How to Recognize Sexual Harassment in the Workplace

It's a basic workplace rights issue.

By SHARE

As the victim of sexual harassment in two different previous workplaces, I think it’s important that everyone understands what constitutes sexual harassment and what steps they should take to alleviate the situation. Despite presidential candidate Herman Cain bringing this issue to the forefront, it’s not a political issue. And it’s certainly not a racial issue, like some would have you believe. It’s a basic workplace rights issue.

“There’s no bright-line test on sexual harassment since the courts—including the U.S. Supreme Court—have made it clear that it will depend on the frequency and severity of the conduct, whether the conduct is physically threatening or humiliating and whether the conduct interferes with the employee’s job performance,” says Paul O. Lopez, director and chair of the litigation department at law firm Tripp Scott.

[See The 50 Best Careers of 2011.]

How to Recognize Sexual Harassment

According to Lopez, here is a list of inappropriate conduct that will be viewed as sexual harassment by the courts, if continual and repeated:

•    Comments and remarks of a sexual nature that refer to a person’s physical appearance and/or genitalia.

•    Inappropriately touching someone in a sexually provocative manner.

•    Making requests (typically a supervisor) to an employee about having sex and/or going on a date with another employee.

•    Forwarding pictures that are sexually graphic in nature. This could mean images that were found online or personal images as well.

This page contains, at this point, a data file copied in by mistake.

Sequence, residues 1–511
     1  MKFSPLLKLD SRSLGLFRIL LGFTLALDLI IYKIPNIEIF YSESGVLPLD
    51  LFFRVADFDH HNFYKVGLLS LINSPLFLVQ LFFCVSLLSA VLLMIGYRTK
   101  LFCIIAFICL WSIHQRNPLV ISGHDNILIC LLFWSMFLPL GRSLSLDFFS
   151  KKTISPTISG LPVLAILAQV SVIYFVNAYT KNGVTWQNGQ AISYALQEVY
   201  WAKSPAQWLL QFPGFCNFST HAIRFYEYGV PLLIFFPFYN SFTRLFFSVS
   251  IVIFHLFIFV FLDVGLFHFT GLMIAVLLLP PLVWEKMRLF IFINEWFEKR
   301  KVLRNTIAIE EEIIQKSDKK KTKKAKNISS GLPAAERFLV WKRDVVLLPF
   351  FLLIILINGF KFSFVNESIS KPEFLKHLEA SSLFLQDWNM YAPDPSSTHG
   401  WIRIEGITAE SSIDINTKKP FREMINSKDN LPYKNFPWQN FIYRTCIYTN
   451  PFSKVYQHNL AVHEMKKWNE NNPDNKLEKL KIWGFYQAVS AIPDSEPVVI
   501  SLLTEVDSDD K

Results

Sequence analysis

•    Forwarding of literature that is sexually explicit or provocative in nature. An example might be: a sexual story or a joke, or personal experiences.

[See Economy Creating Mostly Low-Paying Jobs.]

Besides these five guidelines, the courts are going to be doing research into the employee’s day-to-day life at work. This means whether or not their work was impacted, they were possibly passed up for a promotion, or in a worst-case scenario, the employee was fired because they said something about the sexual harassment.

“There must be a finding of an adverse employment action for a liability to take place to a company for sexual harassment. Otherwise, it may just be a situation where one employee has a potential claim against another employee for assault and/or battery,” says Lopez.

What to Do About It

While knowing how to recognize what’s sexual harassment and what’s not is obviously important, it’s also important to know what to do as the victim. Lopez provided the following tips on protocol:

•    Review the employee handbook or policy manual about sexual harassment

•    Figure out who you are supposed to report it to and then report it to that person—typically it will be to human resources

[See While More Men Are Finding Work, Women Continue to Lose Jobs.]

•    If there is no policy in place (which is a big mistake for employers), then report it to a supervisor to ensure that the company is placed on notice of the alleged harassment

Hopefully, you will never have to be involved in an uncomfortable situation at work. However, it does happen, and it is important to take the right steps to make sure the situation gets solved quickly and in an appropriate manner.

Have you ever had to deal with sexual harassment in the workplace? What steps did you take in order to solve the problem?

Heather R. Huhman is a career expert, experienced hiring manager, and founder & president of Come Recommended, a content marketing consultancy for organizations with products that target job seekers and employers. She is also the author of Lies, Damned Lies & Internships (2011) and #ENTRYLEVELtweet: Taking Your Career from Classroom to Cubicle.